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The German Stranger: Leo Strauss and National Socialism, by William F. Altman.  Lanham, MD: Lexington Books, 2011.  589 pp.  $90.00.

 

There are many ways in which to read this book, depending on which of its various levels one chooses to focus on. On the most general level, it can be read as a counter-piece to Allan Bloom’s The Closing of the American Mind. Bloom’s warning about the pernicious influence of German nihilism, relativism, and historicism on American academic education took its cue from their critical analysis in the writings of his teacher Leo Strauss. Altman turns the tables on Bloom, arguing that in fact Strauss was an exponent rather than an opponent of the intellectual currents he decries. In support of this argument, he turns the tables on Strauss, reading the latter’s work esoterically, scrutinizing its surface for a hidden teaching. From his dissertation on Friedrich Heinrich Jacobi through his rediscovery of medieval and ancient political philosophy, according to Altman, Strauss opposed the public, exoteric rationalism and liberalism of the Enlightenment and esoterically endorsed a radical atheism, nihilism, and authoritarianism that he continued to carefully hide under the surface of his writings.

              Characteristic of Strauss’s radicalism is his predilection for stark oppositions such as between Athens and Jerusalem or between Ancients and Moderns, and his concomitant rejection of mediations, compromises, and middle grounds. This attitude, according to Altman, is fundamentally antithetical to the spirit of liberalism and its specifically modern solution to the theologico-political problem: the secular separation between church and state, which should be regarded as a Christian legacy (p. 390). Like Bloom, Altman seeks to inoculate his reader, but this time against the threat that emanates from Strauss’s thought.

              On a deeper level, Altman’s book interprets Strauss’s work as an ingenious pendant of Heidegger’s notorious Der Spiegel interview of 1966. Underneath the veneer of Strauss’s ostensible friendship for liberal democracy, it detects not just a profound and enduring support for fascism in the spirit of Rome, but even sympathy for National Socialism as an anti-liberal and anti-religious movement. According to Altman, Strauss’s criticism of Heidegger’s and Schmitt’s decisionism may exoterically fly the flag of ancient prudence, moderation, and the Platonic concern for truth and virtue, but in fact it hides a esoteric Nietzschean will to power that surpasses that of his two contemporaries.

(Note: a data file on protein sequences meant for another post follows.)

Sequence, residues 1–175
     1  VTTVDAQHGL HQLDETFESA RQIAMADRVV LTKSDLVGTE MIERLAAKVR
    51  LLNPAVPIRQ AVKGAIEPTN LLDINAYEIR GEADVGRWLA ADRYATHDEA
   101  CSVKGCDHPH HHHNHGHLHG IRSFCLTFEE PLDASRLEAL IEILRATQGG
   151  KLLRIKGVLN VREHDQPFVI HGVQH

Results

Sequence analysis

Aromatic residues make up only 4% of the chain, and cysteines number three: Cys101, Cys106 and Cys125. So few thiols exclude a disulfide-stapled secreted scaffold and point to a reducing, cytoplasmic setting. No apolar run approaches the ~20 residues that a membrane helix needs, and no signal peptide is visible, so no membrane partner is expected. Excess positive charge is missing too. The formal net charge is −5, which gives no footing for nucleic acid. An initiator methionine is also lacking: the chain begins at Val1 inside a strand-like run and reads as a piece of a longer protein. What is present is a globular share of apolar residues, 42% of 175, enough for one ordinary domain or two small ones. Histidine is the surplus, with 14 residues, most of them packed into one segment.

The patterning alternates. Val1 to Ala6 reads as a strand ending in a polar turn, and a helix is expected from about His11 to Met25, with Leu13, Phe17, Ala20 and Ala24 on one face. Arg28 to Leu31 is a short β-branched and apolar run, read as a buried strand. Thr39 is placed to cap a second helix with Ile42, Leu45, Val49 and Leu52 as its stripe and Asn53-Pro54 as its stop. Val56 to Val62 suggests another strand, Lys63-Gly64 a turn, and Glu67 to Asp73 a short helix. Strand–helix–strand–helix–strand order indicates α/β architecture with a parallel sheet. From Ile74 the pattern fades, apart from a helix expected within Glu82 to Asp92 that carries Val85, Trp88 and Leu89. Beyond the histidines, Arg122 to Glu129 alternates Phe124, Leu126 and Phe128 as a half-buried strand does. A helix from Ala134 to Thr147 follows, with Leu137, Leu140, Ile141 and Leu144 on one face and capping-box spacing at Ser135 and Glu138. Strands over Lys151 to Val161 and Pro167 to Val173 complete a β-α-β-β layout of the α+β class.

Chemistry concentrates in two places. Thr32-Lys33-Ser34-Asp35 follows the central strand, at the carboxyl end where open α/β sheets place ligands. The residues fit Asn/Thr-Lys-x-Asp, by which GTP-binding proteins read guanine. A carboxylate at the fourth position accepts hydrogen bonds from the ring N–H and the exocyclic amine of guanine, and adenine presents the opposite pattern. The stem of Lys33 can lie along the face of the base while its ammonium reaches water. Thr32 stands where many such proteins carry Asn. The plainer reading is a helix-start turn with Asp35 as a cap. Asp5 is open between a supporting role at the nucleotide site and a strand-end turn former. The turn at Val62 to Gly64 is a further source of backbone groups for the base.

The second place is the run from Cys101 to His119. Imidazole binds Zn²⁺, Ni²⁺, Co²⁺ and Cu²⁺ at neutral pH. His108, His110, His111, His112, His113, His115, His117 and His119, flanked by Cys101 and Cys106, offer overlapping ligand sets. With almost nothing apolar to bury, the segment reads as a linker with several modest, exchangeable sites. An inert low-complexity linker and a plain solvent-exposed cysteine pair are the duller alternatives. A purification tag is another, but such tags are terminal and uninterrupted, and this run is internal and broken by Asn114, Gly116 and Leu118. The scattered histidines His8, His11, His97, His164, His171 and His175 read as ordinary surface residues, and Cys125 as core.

However, beyond its project to expose and condemn Strauss, the book may also be read as an autobiography, if its structure may be taken as an indication of what is fundamentally at stake. Near the end, Altman inserts lengthy digressions on his own encounter with Strauss’s work and students, and he leaves the reader no doubt as to his own allegiances: “I am a believer and a philosopher, a Platonist and a Christian, a Liberal Democrat and a Jew” (p. 391), animated by “a rock hard belief in God, a deep love for the Ideas of Plato, and a recent acceptance of the Law of Moses” (p. 398). Given this avowal, it comes as no surprise to learn that “Strauss and Schmitt are necessarily my Enemies” (p. 523). In order to counter Strauss’s posthumous attempts to seduce and corrupt his readers and to subvert liberal democracy, Altman proposes a “return to Plato and the Bible” (p. 528), to a genuine moral realism that can be the only viable foundation of American society.

              On all three levels, the book will come as a vindication of the long line of critics who, even before 9/11 and Iraq, castigated Strauss as a sinister Machiavellian elitist and spiritual godfather of neo-conservatism’s global ambitions. Unlike most of these critics, however, Altman is exceptionally well-versed in Strauss’s work, as well as in the latter’s ancient, medieval, and early modern sources. Still, while his critical readings yield many interesting insights, the framework within which they are presented—the apocalyptic final battle between atheist nihilism and combative Christian Platonism for the soul of the Republic—finally risks turning scholarly exposure and autobiography into epic poetry.

David Janssens

Tilburg University

The Netherlands